Hugh Xiaolong Wu

Hugh Xiaolong Wu
PhD Student, Political Economy
PhD Program Office Graduate School of Business Stanford University 655 Knight Way Stanford, CA 94305

Hugh Xiaolong Wu

I use firm-level field experiments to study the impacts of management practices on firm performance (e.g., employee recruitment, productivity, attrition, well-being, innovation, entrepreneurship). In my dissertation, I run three field experiments in multiple firms to study the value of delegation in hiring, the strategic allocation of managerial attention, and the social comparison process at the workplace. I build up long-term partnerships with leading firms and gig platforms in financial service, real estate brokerage, IT, retail, spa, travel, and healthcare.

Research Interests

  • Business Strategy
  • Personnel Economics
  • Strategic Human Capital
  • Field Experiment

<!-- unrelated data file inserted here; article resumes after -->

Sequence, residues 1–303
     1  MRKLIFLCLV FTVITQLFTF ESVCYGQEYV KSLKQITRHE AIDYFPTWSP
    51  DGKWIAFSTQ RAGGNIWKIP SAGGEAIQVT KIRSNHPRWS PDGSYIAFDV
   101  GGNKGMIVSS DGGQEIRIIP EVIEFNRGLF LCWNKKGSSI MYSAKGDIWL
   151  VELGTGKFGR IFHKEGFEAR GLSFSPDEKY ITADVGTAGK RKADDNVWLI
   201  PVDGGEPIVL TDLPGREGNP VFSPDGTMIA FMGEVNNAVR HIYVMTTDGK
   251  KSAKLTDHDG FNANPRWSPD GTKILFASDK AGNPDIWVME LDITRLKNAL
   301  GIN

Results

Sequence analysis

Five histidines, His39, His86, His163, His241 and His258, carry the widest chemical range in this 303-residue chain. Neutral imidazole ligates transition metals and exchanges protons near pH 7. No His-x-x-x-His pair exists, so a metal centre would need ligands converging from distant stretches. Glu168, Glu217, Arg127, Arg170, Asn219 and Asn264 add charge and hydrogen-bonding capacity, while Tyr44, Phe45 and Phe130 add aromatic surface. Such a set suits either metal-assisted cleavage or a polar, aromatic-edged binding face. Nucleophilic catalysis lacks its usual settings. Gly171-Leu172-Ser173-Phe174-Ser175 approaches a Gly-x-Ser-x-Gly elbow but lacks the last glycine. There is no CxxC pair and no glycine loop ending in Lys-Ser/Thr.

Job Market Paper


Delegation in hiring (DIH) is becoming a mainstream management practice among business chains worldwide, yet theoretical and empirical evidence of its effects remains scarce. DIH refers to the use of local business unit managers to do their own recruiting, rather than relying on the headquarters human resource (HR) department. To estimate the impacts of DIH on employee recruitment, productivity, and firm performance, we partnered with a large Chinese firm with 111 retail stores on a 12-month field experiment. Results show that DIH increases both the mean and the variance of individual productivity, with an overall positive impact on store-level productivity by 7.1%. The growth in store-level performance is driven by both direct effects of recruiting higher-performing workers and indirect effects of positive spillovers from new to existing employees. Consistent with our theory, DIH achieves better outcomes in stores that have better incentives, larger shares of repeated customers, and that are less busy. To test the validity of our experiment, we find similar results from observational data on this firm and a second large multinational firm in the spa industry. Overall, this study illustrates the value of information held by local managers in hiring productive employees.